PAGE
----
Lutein - Double protection for the eyes

Every day, our eyes perform at their best: their complex structure and sensitivity enable us to see well. But from about the age of 40 years, the natural vision begins to age slowly for most of us. Therefore, we should prevent in time to support the preservation of vision. It is important to avoid harmful effects and to provide the eyes with the necessary micronutrients - especially those that the body does not make itself, such as the carotenoids lutein and zeaxanthin.

Strain on the eyes in everyday life

Hours of driving in the dark or working on the computer screen often overwork our eyes. By timely pauses we can provide for a recovery of the eyes.

In addition, we should protect them from intense sunlight with sunglasses. Because UV rays can cause aggressive chemical substances in the eye that damage our retina.

Food for the eye: vitamins and carotenoids

The eye protects itself from the aggressive chemical compounds - so-called free radicals - by using special micronutrients such as the carotenoids lutein and zeaxanthin. Carotenoids are plant precursors of vitamin A and offer the eye a double protection. First, they sit in front of the sensitive retina like an "inner sunglass" and filter out the harmful rays.

If UV or other rays have penetrated the eye and free radicals have been formed, the second protective mechanism works: The micronutrients function as "radical scavengers" by binding the free radicals and rendering them harmless.

Why the eyesight diminishes in old age

With increasing age, however, the double protection due to filtering and radical scavenging subsides. The reason for this is that less micronutrients are present and their activity also decreases. The risk of the eyes' natural vision diminishing increases.

How can one support the sight?

So that the health of our eyes is protected and preserved, we should provide them regularly and adequately with the necessary nutrients. If you eat five portions of fruit and vegetables every day, depending on the degree of freshness and the form of preparation, enough of the micronutrients is consumed.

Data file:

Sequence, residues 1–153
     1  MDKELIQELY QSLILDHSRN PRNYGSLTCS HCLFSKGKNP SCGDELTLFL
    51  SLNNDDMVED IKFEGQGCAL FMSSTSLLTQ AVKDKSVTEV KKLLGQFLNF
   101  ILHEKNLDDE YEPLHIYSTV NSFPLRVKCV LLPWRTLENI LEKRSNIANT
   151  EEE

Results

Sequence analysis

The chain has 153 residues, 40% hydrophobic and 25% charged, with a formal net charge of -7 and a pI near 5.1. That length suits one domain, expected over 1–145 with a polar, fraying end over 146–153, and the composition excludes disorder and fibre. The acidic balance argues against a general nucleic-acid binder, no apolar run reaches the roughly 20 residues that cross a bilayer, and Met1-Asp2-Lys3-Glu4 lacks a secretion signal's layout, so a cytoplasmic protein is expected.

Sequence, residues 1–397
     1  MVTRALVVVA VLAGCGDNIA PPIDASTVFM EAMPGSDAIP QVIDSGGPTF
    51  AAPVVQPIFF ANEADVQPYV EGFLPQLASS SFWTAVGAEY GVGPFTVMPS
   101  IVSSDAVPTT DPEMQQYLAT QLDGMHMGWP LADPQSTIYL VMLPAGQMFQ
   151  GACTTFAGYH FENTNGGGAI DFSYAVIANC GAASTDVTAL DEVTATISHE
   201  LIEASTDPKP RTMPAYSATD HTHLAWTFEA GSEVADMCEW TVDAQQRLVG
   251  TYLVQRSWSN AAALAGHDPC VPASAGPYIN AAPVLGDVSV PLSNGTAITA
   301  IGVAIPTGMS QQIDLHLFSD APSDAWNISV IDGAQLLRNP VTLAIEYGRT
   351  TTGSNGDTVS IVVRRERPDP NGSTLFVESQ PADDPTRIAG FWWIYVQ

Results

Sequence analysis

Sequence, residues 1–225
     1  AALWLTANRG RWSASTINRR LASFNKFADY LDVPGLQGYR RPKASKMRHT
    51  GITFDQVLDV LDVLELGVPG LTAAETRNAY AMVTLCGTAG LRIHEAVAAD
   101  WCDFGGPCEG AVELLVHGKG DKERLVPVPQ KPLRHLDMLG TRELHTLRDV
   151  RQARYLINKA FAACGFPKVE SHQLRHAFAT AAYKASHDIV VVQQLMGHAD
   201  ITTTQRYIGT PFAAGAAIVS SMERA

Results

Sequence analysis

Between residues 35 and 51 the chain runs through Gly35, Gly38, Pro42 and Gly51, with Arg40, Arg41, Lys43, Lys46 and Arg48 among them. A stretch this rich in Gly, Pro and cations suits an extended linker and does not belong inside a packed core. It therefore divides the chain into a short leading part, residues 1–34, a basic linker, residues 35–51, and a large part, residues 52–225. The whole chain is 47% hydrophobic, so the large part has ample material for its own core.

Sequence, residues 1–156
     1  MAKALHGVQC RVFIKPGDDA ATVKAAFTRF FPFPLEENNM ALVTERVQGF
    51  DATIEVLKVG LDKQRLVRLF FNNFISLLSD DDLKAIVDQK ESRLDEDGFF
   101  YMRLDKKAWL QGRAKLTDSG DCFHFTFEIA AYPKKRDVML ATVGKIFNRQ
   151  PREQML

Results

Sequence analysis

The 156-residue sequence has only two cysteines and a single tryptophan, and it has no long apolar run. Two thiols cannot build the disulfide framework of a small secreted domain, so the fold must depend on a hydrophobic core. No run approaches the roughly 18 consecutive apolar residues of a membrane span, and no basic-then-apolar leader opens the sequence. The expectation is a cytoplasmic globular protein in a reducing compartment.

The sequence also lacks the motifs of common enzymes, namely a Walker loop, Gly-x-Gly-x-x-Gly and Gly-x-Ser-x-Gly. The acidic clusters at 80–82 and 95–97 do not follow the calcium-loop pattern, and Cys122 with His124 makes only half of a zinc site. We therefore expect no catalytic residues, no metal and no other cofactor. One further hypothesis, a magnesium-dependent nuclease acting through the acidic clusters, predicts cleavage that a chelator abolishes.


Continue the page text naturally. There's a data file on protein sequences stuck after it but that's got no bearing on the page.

However, these amounts can not always be realized in everyday life. In this case, dietary supplements are an alternative. These allow a regular supply of the required micronutrients.

Beta Carotene (Vitamin A) for a good view

For proper functioning of our eyes important nutrients are needed. Even as a child we were always told that carrots are good for the eyes. One of the key ingredients of carrot is beta-carotene. It can be converted by the body into vitamin A when needed, that's why it is also called provitamin A.

Vitamin A is mainly responsible for seeing in the dark. A deficiency can lead to night blindness. Vitamin A is found only in animal products such as liver, whole milk and egg yolks.

Which foods contain beta-carotene?

Beta-carotene is especially included in the following foods:

  • green leafy vegetables such as spinach, kale and broccoli
  • carrots
  • pumpkins
  • sweet potatoes
  • tomatoes
  • beetroot
  • Red pepper
  • mango
  • papya
  • apricots
  • melons

However, the content of beta-carotene in food varies and depends on storage times, season, degree of ripeness and preparation.

Tips for preparing food with beta-carotene

When cooking, make sure that you use fresh vegetables and prepare them in a vitamin-friendly way, such as steaming. Finely chopped vegetables are better for the cooking process than larger pieces or leaves.

Since vitamin A is one of the fat-soluble vitamins, do not forget to use some fat when cooking. Cold-pressed oils (corn oil, safflower or rapeseed oil) with a high content of polyunsaturated fatty acids are best suited.

The carotenoids lutein and zeaxanthin

Lutein and zeaxanthin belong to the group of carotenoids and are found in high concentration in our retina. They have antioxidant properties and protect our eyes from free radicals.

Lutein and zeaxanthin give certain fruits and vegetables such as paprikas their bright colors. But green vegetables also contain carotenoids. In this case, however, these are covered by the chlorophyll. Kale in particular has a high content of lutein, while zeaxanthin occurs mainly in maize.

Foods with lutein and zeaxanthin

Lutein and zeaxanthin can not be produced by the human body itself, so we need to absorb it through our diet. Lutein is the fastest absorbed of all carotenoids by the body.

These foods contain lots of lutein and zeaxanthin:

  • green vegetables like kale and peas
  • arugula
  • tomatoes
  • paprika
  • Corn
  • asparagus
  • oranges
  • Blueberries, raspberries
  • avocado
  • eggs
  • Chicken

To ensure the best possible intake of lutein and zeaxanthin, vegetables should be gently prepared with a little oil. However, it should not be consumed with extra fiber as it blocks the absorption of lutein.

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